The band, which takes its name from a Gram Parsons song ("Grievous Angel." the lyric is "Out with the truckers and kickers and cowboy angels.") came together two years ago. Frame, who bounced around a lot as a kid, landed in Boston in the 1980s and 1990s. She was 20 years old and had been playing guitar and writing songs for about a third of her life, and established herself in the country music/rockabilly scene in Boston. Marriage and motherhood pulled her away from the kind of commitment needed to make it in music. She moved to Newburyport in 1993 to be closer to her parents. She raised her daughter and opened Fancy Schmancy, an artists' outlet that also sells vintage jewelry and accessories, and settled in. She got back into music two years ago, after her mother died, hitting the open mikes, including the one run by Lucian Parkin and Kristine Malpica, a percussionist who owned and operated Imagine Studios, at J. Bucks. Malpica, who plays a cajón percussive box, introduced her to multi-instrumentalist John Longo, late of Crazy Maggy, and a band was born. Lynne Taylor, long a presence on the Port scene, joined the band after seeing the then-trio open for the Mystixs. Since then, they've been growing a fan base — quite successfully.
The eponymous and long-overdue Kickers release caps an unusually creative and productive period for Frame, which included a month in which she wrote 10 new tunes — all of them keepers. "I don't know what came over me," she says. "That never happens to me. They started coming out faster than I could write them down. They just came through me. I must have been channeling something." She took them to the band, which. she says, is more or less a democracy, and they got it almost immediately. "At this point they stop being mine and become the property of the band. They make the song come alive," says Frame. They were recorded live at Kray Studio, a new Newburyport recording studio run by Benny Zanfagna, the Port guitarist and saxophone player. The songs that did not make it onto the CD, including "Don't Cry," originally meant to be the anchor for the new EP, and three non-Kicker tunes recorded with ex-Mystics guitarist and all-around local ace Bobby Keys, will be released as singles on iTunes and with other Internet distributors.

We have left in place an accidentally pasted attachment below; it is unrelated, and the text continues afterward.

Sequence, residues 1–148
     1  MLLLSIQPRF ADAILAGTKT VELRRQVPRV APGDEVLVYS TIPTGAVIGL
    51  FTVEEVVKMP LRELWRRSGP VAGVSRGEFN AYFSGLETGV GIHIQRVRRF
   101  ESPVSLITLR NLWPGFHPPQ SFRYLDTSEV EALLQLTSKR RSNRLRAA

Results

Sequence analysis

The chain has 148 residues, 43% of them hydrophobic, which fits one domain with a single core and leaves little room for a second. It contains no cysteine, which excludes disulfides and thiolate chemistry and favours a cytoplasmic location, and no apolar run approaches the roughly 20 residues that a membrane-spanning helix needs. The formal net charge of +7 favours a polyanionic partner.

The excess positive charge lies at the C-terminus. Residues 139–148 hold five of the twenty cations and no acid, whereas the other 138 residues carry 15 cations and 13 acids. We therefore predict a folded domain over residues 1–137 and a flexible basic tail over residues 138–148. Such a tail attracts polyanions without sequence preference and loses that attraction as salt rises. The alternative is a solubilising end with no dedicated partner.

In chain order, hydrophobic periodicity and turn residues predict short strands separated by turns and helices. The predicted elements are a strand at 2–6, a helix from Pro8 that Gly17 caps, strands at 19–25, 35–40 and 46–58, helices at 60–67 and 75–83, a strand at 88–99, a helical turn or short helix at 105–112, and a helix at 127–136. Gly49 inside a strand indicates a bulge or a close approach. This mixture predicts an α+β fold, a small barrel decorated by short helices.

For the Firehouse show, the Kickers will be joined by the Dearhearts, a sister act from Frederick, Maryland, whose tight harmonies and well-crafted original material reflect their love of and connection to Appalachian culture. They even do a cover of "Old Susanna." Yeah, the old Stephen Foster song. Taylor will perform a solo set. “I am so lucky to have her in my band,” says Frame. Guest musicians will include Zanfagna and Bill Plante.
Proceeds benefit the Newburyport Education Foundation and, ultimately, the city's music programs. "Nothing beats making music," says Frame. "It has been a terrifically important part of my life for my entire life, and it really pains me to think that, because of budget cuts, kids aren’t getting the kind of education in it that they deserve. If I can do anything to promote and encourage musical growth in kids, I will. Hopefully, this Firehouse show will do just that.”
JUST THE FACTS, MAN: Liz Frame and the Kickers will headline Music Matters, a concert that will directly support music programs in the Newburyport public schools, at 7:30 p.m. Oct. 2 at the Firehouse Center for the Arts. Also performing will be the Dearhearts, a rootsy sister act from Frederick, Maryland, and a solo set from Lynne Taylor. Tickets are $20 and can be purchased online or by calling 978.462.7336. Special guests will include Bill Plante, of on piano, and Ben Zanfagna on saxophone and slide guitar.